I know, we’re blessed and all that good stuff. But still.

Here’s a really funny photo of the kids eating ice cream. They are so weird.

Happy running.

 

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14 Responses to Now you’re messing with a …

  1. Kim says:

    I don’t think it is too much to ask to have your evenings. We give our kids all that we have and I think that by 7:30 pm – the night should belong to the parents. Not sure what to tell you, but that is sacred time and I hope you find a way to re-establish that for yourselves. 🙂

    • I know! You are the one who told me that I need to keep bedtime early so I have some time to unwind. How the heck did you keep Cole and Tate in bed? I am not proud of some of my evening parenting, but nothing is working!

  2. Funny stuff. Our oldest is 8 and still rarely sleeps alone. I hate admitting that.

  3. Jamie says:

    Isn’t having little ones a blast? I think when preschool starts he’ll crash right away that helped with our girl this last year sure it made her one grabby girl somedays up until bedtime but If she takes a nap she’ll stay up till 10 or longer and she just sits in her bed and talks and talks and talks. But hey you have to take the good with the bad sometimes. We weren’t blessed with good sleepers if we walk down our creeky hallway there is a 50/50 chance our one year old will wake up and have to rock him back to sleep. Oh well 5 more years of this and maybe we can have lives again for now my TIVO is filling up to fast. Also wanted to say I really enjoy reading your blog.

  4. Tanya(bird) says:

    I think you are completely, utterly justified. I don’t know how you haven’t turned into a psychotic, raving lunatic yet. And I love how you are timing this so that hopefully you can watch the Olympics in peace. 🙂 {{{hugs}}}

  5. Rochelle says:

    This is completely off topic, but I just have to tell you that this morning when I dropped Liam off, Viv gave him the absolute CUTEST (and FLIRTIEST) smile when he came into the gym. She is just freaking adorable!!!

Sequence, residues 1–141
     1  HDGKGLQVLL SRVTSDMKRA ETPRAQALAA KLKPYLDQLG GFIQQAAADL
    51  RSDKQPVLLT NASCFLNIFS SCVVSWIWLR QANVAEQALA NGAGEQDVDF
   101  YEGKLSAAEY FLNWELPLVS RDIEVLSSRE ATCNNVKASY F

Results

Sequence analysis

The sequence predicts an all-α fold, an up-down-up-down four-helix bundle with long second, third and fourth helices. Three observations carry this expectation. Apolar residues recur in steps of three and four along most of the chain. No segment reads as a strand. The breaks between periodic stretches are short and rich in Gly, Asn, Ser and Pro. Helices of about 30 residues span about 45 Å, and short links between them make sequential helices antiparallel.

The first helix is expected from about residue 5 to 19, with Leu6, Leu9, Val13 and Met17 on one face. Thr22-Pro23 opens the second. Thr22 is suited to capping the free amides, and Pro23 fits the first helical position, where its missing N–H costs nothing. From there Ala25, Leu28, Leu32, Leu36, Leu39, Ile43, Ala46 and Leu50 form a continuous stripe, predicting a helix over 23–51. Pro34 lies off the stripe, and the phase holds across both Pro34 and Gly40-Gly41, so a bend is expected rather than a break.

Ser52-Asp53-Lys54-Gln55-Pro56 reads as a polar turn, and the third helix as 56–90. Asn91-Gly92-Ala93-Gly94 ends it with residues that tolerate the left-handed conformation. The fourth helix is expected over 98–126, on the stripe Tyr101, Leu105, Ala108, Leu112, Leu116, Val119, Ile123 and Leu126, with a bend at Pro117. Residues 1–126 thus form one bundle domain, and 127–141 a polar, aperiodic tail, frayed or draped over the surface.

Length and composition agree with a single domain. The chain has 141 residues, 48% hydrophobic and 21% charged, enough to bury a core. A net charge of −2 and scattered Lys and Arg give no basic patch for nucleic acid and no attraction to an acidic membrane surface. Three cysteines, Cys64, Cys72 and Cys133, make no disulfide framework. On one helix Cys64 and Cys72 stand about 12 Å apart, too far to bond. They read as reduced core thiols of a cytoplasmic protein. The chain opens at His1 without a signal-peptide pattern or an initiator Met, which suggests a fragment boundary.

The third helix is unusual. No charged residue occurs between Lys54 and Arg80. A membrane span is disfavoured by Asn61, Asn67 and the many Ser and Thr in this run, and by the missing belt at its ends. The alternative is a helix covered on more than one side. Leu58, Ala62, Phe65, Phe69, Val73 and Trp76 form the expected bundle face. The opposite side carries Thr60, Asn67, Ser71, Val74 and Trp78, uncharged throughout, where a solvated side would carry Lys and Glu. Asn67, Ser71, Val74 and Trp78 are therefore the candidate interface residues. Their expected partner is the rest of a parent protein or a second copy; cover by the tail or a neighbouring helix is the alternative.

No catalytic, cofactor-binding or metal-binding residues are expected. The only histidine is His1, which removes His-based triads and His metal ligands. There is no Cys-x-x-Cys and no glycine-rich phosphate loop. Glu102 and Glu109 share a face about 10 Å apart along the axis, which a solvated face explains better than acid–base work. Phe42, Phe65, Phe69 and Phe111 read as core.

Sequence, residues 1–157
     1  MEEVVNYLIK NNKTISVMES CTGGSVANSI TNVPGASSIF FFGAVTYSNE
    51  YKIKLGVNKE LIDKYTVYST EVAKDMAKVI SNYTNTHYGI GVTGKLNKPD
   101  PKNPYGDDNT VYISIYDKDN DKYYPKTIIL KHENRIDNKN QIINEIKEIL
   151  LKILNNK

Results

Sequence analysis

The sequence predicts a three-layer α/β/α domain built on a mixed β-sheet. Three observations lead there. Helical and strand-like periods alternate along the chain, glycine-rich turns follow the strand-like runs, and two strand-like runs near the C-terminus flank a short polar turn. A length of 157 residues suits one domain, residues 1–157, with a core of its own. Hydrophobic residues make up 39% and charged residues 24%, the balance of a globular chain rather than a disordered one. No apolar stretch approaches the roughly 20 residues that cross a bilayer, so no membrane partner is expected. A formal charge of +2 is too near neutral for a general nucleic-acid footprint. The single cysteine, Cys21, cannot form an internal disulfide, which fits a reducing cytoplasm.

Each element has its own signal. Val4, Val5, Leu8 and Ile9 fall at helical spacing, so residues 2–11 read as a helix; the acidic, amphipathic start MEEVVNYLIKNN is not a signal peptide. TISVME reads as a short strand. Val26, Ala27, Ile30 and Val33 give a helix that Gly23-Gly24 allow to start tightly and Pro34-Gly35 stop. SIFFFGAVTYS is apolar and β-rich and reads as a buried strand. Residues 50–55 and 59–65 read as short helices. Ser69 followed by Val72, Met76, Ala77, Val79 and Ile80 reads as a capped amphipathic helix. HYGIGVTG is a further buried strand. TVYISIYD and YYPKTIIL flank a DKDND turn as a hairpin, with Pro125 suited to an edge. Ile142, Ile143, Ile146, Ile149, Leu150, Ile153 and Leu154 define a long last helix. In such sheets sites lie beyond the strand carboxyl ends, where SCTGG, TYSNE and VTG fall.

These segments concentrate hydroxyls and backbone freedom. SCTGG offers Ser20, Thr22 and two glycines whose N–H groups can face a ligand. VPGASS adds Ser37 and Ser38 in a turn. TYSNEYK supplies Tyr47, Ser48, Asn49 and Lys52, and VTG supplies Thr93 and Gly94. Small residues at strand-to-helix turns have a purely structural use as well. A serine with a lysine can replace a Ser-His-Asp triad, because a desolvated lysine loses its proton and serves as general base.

PS: As a fellow runner, I’ve followed your blog for years (and now I’ve totally outed myself). Keep up the great work!

  6. It is not uncalled for that you expect them to go to bed and early to boot. My kids had a bedtime of 7 every night until school. I cannot tell you how much flack I got for that, but who gives a shit. You know your kids. You know what they need when it comes to sleep. My Tony was a colic nightmare also. When colic was over he still didn’t want to go to bed. We literally worked up to an hour and a half of screaming (at five minute increments) before he’d just go to sleep without crying. By then he was escaping and playing with toys. We would go in and physically put him in bed, without speaking to him in any way. After about a week, he realized he wasn’t getting the attention and he stopped. Though, even at 9, he pops out of bed more than any kid I know. So, am I full of crap? Probably. But I feel your pain, sister.

  7. The photo looks like they are gobbling down their ice cream sandwiches before that little bug on the porch can steal it from them.

    We have a strikingly similar routine that we’ve been trying to break. Katharine usually gets one of us up there until she’s asleep, a routine that was started when she had the side dropped on her crib. I’ve started to tell her that I’ll be back in to check on her in a little bit… otherwise she’s a chatty Kitty. In any case, Katharine usually doesn’t fall asleep until 9:30-10. She wakes around 7 and has a 1.5 hr. nap at montessori. I’ve heard that until they get rid of their naps, this is a pretty popular sleep-wake cycle with this age group. Perhaps he likes wine?!

    And, he might not be getting challenged enough at school right now so he’s got extra mental energy… In any case, the new school will wear him out with new friends, new routines, new languages. 😉 Curious to see what happens for you two in August…

    You two need to have time together to reconnect, be a couple and share your day (or even just veg out together).

  8. Danni says:

    No advice but I think it will take more than making then go to bed to psychologically damage them. Try to put it in perspective and let yourself not worry about it. You need your sanity.